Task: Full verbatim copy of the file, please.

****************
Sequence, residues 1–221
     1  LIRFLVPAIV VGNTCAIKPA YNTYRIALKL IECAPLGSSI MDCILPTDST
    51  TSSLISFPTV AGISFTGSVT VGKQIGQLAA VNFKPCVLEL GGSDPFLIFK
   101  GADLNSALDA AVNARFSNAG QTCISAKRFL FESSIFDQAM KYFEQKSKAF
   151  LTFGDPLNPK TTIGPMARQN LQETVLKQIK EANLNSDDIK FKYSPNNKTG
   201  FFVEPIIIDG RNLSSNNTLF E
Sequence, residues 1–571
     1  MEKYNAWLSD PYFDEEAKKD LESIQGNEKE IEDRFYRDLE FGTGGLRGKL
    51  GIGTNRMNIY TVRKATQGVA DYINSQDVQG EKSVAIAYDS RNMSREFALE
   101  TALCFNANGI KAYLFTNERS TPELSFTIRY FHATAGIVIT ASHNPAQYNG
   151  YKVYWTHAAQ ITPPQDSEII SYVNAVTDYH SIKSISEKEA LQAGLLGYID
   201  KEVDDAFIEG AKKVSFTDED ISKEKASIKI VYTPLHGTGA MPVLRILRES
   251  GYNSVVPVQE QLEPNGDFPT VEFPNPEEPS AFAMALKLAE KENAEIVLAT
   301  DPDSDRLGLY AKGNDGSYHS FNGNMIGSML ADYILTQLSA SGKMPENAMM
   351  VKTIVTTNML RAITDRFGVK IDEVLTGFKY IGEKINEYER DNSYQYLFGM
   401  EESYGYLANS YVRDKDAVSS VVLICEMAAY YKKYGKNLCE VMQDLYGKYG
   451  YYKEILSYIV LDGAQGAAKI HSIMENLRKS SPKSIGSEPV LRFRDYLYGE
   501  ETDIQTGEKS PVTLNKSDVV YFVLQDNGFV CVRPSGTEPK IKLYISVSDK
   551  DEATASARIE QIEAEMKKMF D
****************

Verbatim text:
Sequence, residues 1–221
     1  LIRFLVPAIV VGNTCAIKPA YNTYRIALKL IECAPLGSSI MDCILPTDST
    51  TSSLISFPTV AGISFTGSVT VGKQIGQLAA VNFKPCVLEL GGSDPFLIFK
   101  GADLNSALDA AVNARFSNAG QTCISAKRFL FESSIFDQAM KYFEQKSKAF
   151  LTFGDPLNPK TTIGPMARQN LQETVLKQIK EANLNSDDIK FKYSPNNKTG
   201  FFVEPIIIDG RNLSSNNTLF E
Sequence, residues 1–571
     1  MEKYNAWLSD PYFDEEAKKD LESIQGNEKE IEDRFYRDLE FGTGGLRGKL
    51  GIGTNRMNIY TVRKATQGVA DYINSQDVQG EKSVAIAYDS RNMSREFALE
   101  TALCFNANGI KAYLFTNERS TPELSFTIRY FHATAGIVIT ASHNPAQYNG
   151  YKVYWTHAAQ ITPPQDSEII SYVNAVTDYH SIKSISEKEA LQAGLLGYID
   201  KEVDDAFIEG AKKVSFTDED ISKEKASIKI VYTPLHGTGA MPVLRILRES
   251  GYNSVVPVQE QLEPNGDFPT VEFPNPEEPS AFAMALKLAE KENAEIVLAT
   301  DPDSDRLGLY AKGNDGSYHS FNGNMIGSML ADYILTQLSA SGKMPENAMM
   351  VKTIVTTNML RAITDRFGVK IDEVLTGFKY IGEKINEYER DNSYQYLFGM
   401  EESYGYLANS YVRDKDAVSS VVLICEMAAY YKKYGKNLCE VMQDLYGKYG
   451  YYKEILSYIV LDGAQGAAKI HSIMENLRKS SPKSIGSEPV LRFRDYLYGE
   501  ETDIQTGEKS PVTLNKSDVV YFVLQDNGFV CVRPSGTEPK IKLYISVSDK
   551  DEATASARIE QIEAEMKKMF D